Stashing money in a regular savings account is no way to grow wealth. Sure, you will earn interest off your deposits, but these earnings pale in comparison to what you could earn investing in the stock market.
Playing your hand in the stock market may sound a bit risky, as there’s always the chance of losing money. The value of stocks can shift at a moment’s notice, and even the most seasoned investors lose money at times. But if you’re interested in creating wealth, not pennies, and if your stomach can handle the ride, why not give stocks a try?
Making money with the stock market is a fairly simple concept to grasp – buy shares in a company, wait for the stock to increase in value and then sell the stock for a profit. Understand, however, that profits from selling a stock is all about timing. Of course, this is the hardest game to time, as there’s no way to know how stocks will perform in the future. You can pull out when stock prices drop to avoid losing your investment, or you can sell when stocks are doing well to realize gains before the market shifts.
These, however, aren’t the only reasons for unloading your stock. Maybe you’ve reached your investment goal and want to explore safer investment options. Then again, maybe you need cash for some unexpected expense. Regardless of how and when you choose to sell stock, there is an important factor to consider – the after-tax return.
Anytime there’s talk about selling stocks, discussions about capital gains follows. Capital gains is profit that results from selling an assets, in this case, stock. Nothing in life is free, and if you earn money off any sold stock, expect the IRS to come knocking. It goes without saying that capital gains tax will cut into your profit. But like ordinary income, there are different tax brackets for capital gains – based on how long you own a particular investment.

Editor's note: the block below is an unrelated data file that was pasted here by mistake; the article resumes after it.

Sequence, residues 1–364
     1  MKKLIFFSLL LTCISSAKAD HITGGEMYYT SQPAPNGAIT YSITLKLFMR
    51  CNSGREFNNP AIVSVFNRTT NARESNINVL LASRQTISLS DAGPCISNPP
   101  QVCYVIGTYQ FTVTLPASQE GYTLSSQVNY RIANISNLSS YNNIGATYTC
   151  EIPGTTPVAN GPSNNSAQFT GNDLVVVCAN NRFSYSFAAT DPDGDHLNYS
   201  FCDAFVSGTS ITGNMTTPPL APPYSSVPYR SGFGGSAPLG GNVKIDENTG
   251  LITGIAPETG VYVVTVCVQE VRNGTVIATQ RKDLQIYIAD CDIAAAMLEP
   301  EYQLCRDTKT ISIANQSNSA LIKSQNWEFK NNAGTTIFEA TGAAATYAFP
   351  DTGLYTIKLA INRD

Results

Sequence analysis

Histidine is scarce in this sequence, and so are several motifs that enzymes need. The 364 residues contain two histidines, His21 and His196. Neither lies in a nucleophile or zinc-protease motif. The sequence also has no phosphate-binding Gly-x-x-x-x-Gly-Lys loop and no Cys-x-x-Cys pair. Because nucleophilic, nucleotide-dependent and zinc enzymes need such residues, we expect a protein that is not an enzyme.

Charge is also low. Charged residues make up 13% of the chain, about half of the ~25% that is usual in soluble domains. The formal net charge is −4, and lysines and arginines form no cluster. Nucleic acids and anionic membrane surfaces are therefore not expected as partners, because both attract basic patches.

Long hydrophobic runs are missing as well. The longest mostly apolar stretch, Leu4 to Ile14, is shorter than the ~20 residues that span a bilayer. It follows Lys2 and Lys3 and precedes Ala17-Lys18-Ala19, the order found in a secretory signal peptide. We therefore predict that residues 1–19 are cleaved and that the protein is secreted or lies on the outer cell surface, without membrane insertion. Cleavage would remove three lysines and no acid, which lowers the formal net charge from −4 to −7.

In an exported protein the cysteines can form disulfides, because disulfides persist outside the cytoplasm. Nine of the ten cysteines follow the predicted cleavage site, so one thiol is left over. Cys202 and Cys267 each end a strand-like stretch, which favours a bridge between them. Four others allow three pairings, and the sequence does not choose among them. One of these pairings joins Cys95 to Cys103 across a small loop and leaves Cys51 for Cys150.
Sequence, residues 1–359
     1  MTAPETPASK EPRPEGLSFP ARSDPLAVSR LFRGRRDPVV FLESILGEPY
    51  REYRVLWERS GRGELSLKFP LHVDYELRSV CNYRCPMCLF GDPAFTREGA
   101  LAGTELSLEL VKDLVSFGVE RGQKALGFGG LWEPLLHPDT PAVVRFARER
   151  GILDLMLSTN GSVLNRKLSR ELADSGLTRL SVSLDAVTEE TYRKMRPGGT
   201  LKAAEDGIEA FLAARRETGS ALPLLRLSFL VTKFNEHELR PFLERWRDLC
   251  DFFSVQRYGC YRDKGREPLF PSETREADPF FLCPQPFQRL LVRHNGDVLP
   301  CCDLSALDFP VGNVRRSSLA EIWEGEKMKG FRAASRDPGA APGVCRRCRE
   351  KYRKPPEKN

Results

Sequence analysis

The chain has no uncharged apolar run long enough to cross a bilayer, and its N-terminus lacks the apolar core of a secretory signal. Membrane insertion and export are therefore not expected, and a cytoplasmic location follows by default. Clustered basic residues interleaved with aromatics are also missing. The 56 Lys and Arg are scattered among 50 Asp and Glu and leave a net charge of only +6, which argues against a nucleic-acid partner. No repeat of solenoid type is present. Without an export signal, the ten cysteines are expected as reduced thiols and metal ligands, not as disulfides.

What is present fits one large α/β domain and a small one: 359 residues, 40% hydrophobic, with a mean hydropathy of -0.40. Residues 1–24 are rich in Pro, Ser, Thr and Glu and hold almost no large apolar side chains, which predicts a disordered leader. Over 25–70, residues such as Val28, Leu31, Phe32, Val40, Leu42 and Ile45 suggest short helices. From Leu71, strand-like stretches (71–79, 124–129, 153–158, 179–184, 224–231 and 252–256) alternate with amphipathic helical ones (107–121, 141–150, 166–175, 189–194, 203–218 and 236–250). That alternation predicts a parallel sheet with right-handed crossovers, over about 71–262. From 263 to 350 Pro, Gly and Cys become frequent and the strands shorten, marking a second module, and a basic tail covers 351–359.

There are basically two types of investing: short-term and long-term. Short term investing can include day trading, but it can also refer to any stock held for less than one year. While many investors recognize the value of hanging onto their stock for years, others find long-term investing boring and prefer the ongoing thrill of buying low and selling high for a quick profit. To each its own, but there is an undeniable downside to short term investing – the tax rate.
The short-term capital gains tax rate can be considerably higher than the long-term capital gains tax rate. What does this mean exactly? Simply put, the less time you hold an investment, the more you will pay in taxes. Hold an investment for less than one year and profits are taxed at ordinary income tax rates – which range from 10% to 35% for the year 2013. The capital gains tax rate on long-term investments, however, is 0%, 10% or 15%, depending on your tax bracket – a big difference.
Bottom line: Yes, profiting in the stock market is all about timing. But not just timing the performance of a company. Although a particular stock may increase in value shortly after purchase, your pocket will take a hit if you sell within the first 12 months. Hold onto your stock for at least a year and you’ll realize bigger after-tax profits.